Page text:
After making history at the Little League World Series, pitching phenom Mo’ne Davis traveled to learn about her history. Last year, Davis became the first African American girl to pitch a no-hitter during the Little League World series. Now she is traveling with the Marian Anderson Monarchs, a Little League baseball team from Philadelphia, PA., on a three-week tour to learn about the Civil Rights movement, according to Sporting News.
Stops included the MLK Center for Non-Violent Social Change and The National Center for Civil and Human Rights. The Monarchs also met baseball Hall of Fame inductee Hank Aaron while touring Turner Field, the home to Aaron’s team: the Milwaukee Braves, according to the Associated Press.
Aaron was one of the many people that spoke to the children during the tour. He talked about growing up in Alabama. The Monarchs traveled via an “authentic 1947 Flxible Clipper touring bus,” a bus like the ones Aaron used to travel in, according to Associated Press.
The team will travel to 20 cities on their “Barnstorming Civil Rights Tour,” according to the Alabama News Network. Another stop was in Birmingham, Ala. Where they visited the historic church where four girls died in an explosion on September 15, 1963. The team talked to Lisa McNair, a sister of one of the explosion victims, according to the Associated Press.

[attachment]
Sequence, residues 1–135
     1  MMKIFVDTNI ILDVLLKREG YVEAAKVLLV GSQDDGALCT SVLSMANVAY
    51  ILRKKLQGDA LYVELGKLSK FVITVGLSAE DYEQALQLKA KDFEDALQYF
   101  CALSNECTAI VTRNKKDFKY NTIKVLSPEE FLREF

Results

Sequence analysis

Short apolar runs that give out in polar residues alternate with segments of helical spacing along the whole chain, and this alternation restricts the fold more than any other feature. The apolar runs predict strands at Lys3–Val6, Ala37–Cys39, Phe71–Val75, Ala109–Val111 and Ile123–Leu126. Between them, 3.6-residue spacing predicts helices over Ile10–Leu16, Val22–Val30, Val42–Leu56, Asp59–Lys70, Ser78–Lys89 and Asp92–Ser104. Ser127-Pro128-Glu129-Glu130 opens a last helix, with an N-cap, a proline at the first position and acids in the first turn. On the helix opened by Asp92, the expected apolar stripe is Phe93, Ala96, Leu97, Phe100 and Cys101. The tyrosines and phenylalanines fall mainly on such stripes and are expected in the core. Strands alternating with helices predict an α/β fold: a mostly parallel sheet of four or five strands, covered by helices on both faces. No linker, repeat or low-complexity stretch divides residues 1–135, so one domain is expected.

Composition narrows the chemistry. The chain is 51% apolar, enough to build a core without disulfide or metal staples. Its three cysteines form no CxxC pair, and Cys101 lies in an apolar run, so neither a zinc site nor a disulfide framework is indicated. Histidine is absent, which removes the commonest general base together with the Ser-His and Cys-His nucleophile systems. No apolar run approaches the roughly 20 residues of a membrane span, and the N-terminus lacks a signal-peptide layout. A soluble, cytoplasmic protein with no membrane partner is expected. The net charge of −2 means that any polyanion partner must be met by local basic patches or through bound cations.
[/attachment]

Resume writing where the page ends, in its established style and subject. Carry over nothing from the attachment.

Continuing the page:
They also went to the Birmingham Civil Rights Institute, where they met Doug Jones; Jones is the U.S. Attorney who convicted two of the church bombers, according to Associate Press. In Alabama, they visited the Selma Interpretive Center and walked across the Edmund Pettus Bridge, according to Alabama News Network.
Davis recently turned 14 years old and was drafted to the Harlem Globetrotters, according to Sporting News. She appeared on the cover of Sports Illustrated last August. Despite her success in baseball, Davis wants to play in the WMBA, according to the Alabama Media Group.